So how can we be sure that the wings were meant to accompany this particular scene in Wapping Old Stairs? It’s because, helpfully, an illustration was included with the set of sheets that was intended to convey the full splendour of the scenery when set up on the toy theatre stage, complete with a tableau of the characters in the closing moments of the play, and two of the wings from the sheet of four are flanking the stage.
However the artist has stretched the scene well beyond the edges of the backdrop as provided, and indeed this ‘panorama’ format is not at all representative of the proportions of most British toy theatres, which offered a much more compressed image, side to side.
In the illustration the wing pieces allow the audience to see the full width of the backdrop, whereas in reality on a stage of the proportions for which this play was designed, even one set of wings would substantially close down the audience’s view of the backdrop. So neither of the two images – not the vignette and not the panorama – may be relied upon as indicators of how the scene will look on the stage, though they’d almost certainly be regarded as reliable by anyone cutting and pasting away and hoping the result would look as good as it does in the illustrations.
So back in the nineteenth century making toy theatres from the sheets sold by print-shops was always a perilous activity, fraught with the anxieties that the results would be disappointing. These days we have the wonders of inkjet so we don’t have to cut up anything irreplaceable, but there is still the business of getting it right, and making something that matches, at least in part, the wonderful dream that we have in our heads of the perfect production.
I’m going to be a little indiscreet here, and I apologise in advance to any of those who were present at the occasion I’m describing and feel uncomfortable about what I’m about to reveal.
Is this how it’s going to be from now on?
On Friday I was seventy. I should say I’ve never had trouble acknowledging the passing of years before now. This time, however, the number choked me. It seems so impossible an age, and not the person I see myself as being. Or perhaps I should say ‘saw’ myself as being, because now, I do. I have to.
In 2019 I was commissioned by a big organisation to lead on a project to design what was to be the major element of their creative theme of the year. The first meeting took place at the offices of the digital render company who would build and launch the project, so we could all talk and get the ball rolling on the design work. There were quite a lot of people around the table, including the digital company’s Managing Director. I was the only old man at the table. Most around it were in their late twenties to mid thirties. The M D looked super cool, a bit of a surfer-boy-turned-exec. He was, if I’m honest, a tad prickly, as he’d lobbied for his company to provide in-house design. Instead he got me. As the creative talk began and ideas flew around the table, I listened carefully before beginning to throw in suggestions that I could see were going down well with the team from the organisation who’d commissioned me. I could see I was making a lot more work for myself, but on the plus side all the thematics of the project were going to play to my strengths. Toward the end the MD turned to me and said that if I found the pace and demands of the project to be too much, his team would be happy to take on any work I wasn’t up to completing. The air around me turned to ice.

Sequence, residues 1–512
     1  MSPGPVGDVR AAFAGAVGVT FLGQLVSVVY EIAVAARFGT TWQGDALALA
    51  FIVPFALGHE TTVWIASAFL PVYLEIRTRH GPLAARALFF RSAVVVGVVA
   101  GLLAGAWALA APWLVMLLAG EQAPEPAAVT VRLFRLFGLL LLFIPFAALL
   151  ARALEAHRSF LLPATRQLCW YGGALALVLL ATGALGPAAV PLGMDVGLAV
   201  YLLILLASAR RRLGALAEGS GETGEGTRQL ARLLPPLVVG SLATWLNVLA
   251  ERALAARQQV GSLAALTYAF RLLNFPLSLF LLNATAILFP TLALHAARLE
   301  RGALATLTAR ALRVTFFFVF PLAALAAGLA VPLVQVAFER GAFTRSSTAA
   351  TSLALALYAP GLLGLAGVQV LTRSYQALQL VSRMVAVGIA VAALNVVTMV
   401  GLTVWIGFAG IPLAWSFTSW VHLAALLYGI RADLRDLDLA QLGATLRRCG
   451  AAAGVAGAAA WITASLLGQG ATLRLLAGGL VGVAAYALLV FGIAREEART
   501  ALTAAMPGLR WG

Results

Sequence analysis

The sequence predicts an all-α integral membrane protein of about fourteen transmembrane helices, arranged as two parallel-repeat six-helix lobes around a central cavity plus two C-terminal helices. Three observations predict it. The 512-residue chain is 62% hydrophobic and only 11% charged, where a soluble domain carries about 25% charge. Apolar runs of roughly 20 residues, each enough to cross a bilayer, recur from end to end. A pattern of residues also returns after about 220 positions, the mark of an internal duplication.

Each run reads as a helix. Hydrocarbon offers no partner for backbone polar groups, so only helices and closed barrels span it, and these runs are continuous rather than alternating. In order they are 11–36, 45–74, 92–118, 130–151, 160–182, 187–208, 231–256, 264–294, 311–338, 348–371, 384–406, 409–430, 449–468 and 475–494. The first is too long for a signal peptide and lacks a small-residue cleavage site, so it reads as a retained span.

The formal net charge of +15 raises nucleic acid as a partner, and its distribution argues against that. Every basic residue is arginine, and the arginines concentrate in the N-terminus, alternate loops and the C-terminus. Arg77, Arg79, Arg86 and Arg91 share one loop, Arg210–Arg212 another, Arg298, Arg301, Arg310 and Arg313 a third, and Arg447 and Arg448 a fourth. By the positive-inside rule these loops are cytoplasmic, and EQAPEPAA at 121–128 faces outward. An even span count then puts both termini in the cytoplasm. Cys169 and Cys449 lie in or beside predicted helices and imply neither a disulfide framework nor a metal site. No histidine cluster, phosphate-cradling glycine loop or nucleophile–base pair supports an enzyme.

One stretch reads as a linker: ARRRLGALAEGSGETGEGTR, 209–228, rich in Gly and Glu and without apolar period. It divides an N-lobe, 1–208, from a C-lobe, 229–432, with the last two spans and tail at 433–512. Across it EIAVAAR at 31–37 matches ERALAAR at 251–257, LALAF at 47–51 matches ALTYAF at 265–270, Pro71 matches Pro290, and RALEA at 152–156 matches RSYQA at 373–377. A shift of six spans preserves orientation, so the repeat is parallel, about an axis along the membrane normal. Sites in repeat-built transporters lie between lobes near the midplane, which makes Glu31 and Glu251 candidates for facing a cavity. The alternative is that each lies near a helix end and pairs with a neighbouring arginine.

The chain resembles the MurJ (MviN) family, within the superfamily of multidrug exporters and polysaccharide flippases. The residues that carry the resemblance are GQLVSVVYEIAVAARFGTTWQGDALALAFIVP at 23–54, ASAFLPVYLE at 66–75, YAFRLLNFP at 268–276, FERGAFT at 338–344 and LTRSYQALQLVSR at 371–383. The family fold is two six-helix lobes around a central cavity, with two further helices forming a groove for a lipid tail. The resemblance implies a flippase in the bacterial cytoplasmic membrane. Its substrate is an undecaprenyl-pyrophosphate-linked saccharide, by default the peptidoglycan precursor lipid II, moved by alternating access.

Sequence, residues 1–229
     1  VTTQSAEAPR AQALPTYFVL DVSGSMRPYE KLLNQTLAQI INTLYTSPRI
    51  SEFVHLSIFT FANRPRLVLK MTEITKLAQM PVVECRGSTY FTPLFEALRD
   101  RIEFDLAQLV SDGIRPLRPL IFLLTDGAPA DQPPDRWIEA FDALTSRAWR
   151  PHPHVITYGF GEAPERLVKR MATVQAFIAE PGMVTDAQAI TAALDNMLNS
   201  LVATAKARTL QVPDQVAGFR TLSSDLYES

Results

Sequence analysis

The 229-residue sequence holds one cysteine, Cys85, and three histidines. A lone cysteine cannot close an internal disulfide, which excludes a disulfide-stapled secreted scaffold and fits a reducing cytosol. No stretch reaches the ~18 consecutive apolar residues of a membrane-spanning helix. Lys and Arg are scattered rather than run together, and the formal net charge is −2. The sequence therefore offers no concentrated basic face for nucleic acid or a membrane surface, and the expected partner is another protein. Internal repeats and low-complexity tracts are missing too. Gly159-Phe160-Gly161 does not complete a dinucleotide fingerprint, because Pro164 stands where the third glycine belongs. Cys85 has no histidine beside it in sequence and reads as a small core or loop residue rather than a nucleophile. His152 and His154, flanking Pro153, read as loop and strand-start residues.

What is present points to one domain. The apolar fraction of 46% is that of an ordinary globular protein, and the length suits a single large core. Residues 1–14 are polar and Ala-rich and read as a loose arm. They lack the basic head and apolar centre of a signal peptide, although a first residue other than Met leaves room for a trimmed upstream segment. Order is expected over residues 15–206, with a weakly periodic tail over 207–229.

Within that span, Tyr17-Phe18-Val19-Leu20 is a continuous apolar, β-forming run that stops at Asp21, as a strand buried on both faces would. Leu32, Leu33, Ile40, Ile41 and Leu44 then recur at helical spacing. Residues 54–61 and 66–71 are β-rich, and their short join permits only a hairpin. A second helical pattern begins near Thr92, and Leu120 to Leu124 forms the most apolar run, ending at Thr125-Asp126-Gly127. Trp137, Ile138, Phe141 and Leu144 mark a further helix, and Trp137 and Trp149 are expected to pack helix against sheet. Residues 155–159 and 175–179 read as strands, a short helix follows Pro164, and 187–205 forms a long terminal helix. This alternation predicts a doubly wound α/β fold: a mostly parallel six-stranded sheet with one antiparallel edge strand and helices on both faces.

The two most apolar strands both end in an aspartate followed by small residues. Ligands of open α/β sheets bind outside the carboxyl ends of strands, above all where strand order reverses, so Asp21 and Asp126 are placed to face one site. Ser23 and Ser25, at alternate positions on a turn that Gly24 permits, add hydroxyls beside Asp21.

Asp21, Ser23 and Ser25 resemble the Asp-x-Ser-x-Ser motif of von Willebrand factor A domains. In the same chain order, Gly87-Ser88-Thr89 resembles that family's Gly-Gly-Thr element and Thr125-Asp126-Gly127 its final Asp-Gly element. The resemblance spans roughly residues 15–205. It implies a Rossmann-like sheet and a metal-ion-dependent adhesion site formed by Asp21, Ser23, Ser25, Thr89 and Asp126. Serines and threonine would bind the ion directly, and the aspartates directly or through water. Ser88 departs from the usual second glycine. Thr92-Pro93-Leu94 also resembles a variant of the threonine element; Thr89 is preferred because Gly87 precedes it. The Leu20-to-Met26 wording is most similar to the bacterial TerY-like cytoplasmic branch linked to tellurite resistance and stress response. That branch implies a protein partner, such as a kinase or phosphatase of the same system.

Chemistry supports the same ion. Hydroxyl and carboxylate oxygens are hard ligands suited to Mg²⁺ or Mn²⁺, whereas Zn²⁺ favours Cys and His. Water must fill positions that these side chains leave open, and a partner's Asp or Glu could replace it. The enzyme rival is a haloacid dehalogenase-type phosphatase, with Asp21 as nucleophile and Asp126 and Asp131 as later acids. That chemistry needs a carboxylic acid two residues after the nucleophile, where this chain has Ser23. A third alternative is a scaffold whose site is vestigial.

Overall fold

The MD was being a twat. But just as I drew a sharp intake of breath before releasing a fusillade, the Art Director of the commissioning organisation stepped in and quite sharply explained to the MD that there would be no designer on the project other than me. And that’s the way it went. I wasn’t yet out of the woods. The Project Manager at the digital company threw deadlines at me throughout the design process that would have daunted a man half my age. I worked through weekends and nights for three weeks. It was a sort of hell, though it was also exciting.
I never missed one of those deadlines, and I’m proud of that. And in the end the project looked damned good. The old man pulled it off.
I’m guessing there’s going to be more of this, as time goes by. People will look at me when I walk into a room, and make assumptions. That bothers me, a lot. Keep watching. I’ll let you know how it all works out.
Today I completed my final work for English Heritage on the year-long Telling Tales project that arrived entirely unexpectedly just before Christmas 2018.